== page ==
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Drilling a Square Hole

Ask any woodworker if he can drill a square hole, and he'd say that of course ... with a hollow square mortise chisel & bit. But that's kind of cheating: it's basically drilling a round hole and chiseling the rest to make the square hole.

But did you know that there is a way to actually drill a square hole? With a Harry Watts square drill bit (named after its inventor, who patented it back in 1917). Here it is in action:

Confused? Here's a neat animation that shows what exactly is happening (hint: the bit is shaped like a Reuleaux triangle):

Pretty nifty, huh?


Newest 5
Newest 5 Comments

Jolly, I never said it wasn't clever. I was just furthering the conversation in a positive manner, by adding some substance to the topic of discussion, namely that I would be surprised if this could be done with a hand drill, as suggested by the second image.

It was more a matter of a technical observation, and I certainly welcome comments from any craftsman with more experience in such things than I have.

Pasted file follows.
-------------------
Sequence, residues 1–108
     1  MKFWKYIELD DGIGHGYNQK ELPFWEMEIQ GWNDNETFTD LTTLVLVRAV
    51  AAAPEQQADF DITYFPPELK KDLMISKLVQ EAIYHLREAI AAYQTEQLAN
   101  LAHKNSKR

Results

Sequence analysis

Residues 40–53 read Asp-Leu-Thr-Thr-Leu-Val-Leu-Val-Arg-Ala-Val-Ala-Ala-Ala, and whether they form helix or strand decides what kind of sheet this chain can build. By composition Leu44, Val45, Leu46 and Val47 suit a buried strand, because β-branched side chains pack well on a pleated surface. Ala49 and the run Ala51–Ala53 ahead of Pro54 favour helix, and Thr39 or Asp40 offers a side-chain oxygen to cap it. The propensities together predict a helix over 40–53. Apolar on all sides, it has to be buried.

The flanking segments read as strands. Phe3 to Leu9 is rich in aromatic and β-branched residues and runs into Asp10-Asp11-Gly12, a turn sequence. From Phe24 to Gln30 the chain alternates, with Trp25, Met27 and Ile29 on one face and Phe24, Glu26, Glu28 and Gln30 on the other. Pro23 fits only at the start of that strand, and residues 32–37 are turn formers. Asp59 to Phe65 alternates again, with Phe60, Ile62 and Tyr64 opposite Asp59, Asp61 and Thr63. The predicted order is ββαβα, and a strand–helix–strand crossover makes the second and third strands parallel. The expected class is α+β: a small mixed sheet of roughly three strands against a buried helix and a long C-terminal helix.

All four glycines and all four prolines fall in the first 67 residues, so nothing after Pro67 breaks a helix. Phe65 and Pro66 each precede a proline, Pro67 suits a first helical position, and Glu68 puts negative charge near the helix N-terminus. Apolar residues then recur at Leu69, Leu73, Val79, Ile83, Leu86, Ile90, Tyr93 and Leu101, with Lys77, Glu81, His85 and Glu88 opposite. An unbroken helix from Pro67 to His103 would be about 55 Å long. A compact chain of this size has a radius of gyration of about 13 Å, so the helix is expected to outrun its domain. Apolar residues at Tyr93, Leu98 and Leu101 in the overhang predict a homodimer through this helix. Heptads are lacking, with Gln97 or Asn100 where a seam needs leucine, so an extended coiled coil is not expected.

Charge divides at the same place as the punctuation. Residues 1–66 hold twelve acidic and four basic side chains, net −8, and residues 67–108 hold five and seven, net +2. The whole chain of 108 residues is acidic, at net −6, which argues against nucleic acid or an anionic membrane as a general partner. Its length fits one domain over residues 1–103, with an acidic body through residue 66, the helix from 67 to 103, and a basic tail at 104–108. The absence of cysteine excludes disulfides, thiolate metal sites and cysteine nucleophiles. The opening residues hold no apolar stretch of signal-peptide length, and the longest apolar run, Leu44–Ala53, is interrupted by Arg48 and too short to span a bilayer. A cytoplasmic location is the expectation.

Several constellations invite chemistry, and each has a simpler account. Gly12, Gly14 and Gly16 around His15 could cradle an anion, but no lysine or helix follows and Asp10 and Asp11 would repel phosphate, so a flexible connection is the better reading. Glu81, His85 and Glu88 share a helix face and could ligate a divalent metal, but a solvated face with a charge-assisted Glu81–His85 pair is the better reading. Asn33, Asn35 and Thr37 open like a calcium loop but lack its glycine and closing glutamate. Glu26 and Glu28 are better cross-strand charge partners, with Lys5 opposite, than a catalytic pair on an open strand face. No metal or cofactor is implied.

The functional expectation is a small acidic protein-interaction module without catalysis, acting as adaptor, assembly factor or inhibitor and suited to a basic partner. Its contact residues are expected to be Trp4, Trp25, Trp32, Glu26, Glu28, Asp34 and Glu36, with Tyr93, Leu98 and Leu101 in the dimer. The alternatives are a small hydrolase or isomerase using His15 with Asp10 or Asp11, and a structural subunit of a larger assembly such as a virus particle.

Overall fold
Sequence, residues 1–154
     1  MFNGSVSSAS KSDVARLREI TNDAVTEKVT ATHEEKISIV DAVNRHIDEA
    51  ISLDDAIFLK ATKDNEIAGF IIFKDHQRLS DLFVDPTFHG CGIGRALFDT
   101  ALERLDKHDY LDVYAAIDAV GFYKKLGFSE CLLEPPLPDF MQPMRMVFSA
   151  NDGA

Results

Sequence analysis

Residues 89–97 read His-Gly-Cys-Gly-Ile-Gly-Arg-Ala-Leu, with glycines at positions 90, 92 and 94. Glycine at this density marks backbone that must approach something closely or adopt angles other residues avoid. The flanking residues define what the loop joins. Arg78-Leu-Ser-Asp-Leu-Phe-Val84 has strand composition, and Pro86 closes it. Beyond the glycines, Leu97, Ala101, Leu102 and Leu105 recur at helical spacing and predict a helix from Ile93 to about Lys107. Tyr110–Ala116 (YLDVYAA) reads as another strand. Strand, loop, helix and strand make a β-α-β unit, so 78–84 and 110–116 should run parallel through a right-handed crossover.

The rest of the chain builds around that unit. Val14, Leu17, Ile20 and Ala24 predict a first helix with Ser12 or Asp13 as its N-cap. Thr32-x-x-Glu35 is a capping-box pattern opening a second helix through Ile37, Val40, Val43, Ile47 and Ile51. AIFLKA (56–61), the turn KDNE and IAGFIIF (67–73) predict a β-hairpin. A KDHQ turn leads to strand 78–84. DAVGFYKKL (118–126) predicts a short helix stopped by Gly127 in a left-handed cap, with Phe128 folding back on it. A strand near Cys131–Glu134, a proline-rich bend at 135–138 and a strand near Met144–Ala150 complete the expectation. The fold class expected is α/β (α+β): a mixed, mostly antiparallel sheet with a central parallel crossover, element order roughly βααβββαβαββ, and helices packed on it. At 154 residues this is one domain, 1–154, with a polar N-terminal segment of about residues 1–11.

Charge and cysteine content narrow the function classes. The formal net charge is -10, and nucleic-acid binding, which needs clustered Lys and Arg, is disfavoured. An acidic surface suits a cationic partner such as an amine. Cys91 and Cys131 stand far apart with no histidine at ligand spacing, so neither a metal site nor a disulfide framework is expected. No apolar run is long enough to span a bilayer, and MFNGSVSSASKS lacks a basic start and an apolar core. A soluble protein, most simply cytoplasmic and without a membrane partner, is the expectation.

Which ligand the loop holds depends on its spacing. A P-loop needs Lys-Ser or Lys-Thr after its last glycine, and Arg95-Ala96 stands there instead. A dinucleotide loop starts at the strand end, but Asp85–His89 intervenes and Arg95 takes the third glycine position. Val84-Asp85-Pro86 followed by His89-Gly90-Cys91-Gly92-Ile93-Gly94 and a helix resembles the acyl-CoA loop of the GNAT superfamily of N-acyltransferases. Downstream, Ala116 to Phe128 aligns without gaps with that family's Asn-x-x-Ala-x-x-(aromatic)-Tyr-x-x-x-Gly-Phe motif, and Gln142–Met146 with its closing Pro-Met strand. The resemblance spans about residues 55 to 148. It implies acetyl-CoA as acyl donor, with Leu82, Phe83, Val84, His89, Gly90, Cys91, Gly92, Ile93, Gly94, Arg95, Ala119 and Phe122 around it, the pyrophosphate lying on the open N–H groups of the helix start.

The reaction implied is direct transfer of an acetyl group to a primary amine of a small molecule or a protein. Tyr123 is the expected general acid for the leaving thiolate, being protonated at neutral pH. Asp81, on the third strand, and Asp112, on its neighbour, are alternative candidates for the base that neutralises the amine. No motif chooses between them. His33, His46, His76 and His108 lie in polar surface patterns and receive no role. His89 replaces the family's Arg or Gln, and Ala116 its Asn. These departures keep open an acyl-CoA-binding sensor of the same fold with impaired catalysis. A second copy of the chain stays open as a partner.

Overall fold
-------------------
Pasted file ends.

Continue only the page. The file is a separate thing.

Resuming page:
Will L certainly added much more information, even though he didn't address the point that I had raised. Although his comment may appear negative, he is simply adding more detailed and technical information - information that I found instructive.

Since you didn't appreciate either comment, I'll oblige you: Wow, that's an awesome drill. Square holes! Cool! WTF. LMAO. Square holes FTW!

Better?
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@Will L & @ted so what? It's still pretty damned clever.

I'd reach for the plasma cutter every time, but then I don't have to do small holes.
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First of all, those holes were all hogged-out first by a standard bit.

You can also see the shank oscillating viz the cutting-bit center.

On a normal drill, the shank is obviously perfectly on-center.

Then your rotating-triangle can just notch out the corners.

-Still, -VERY similar to what a woodworker's bit does.

And quite simple to a Rotary Engine in a Mazda RX-8
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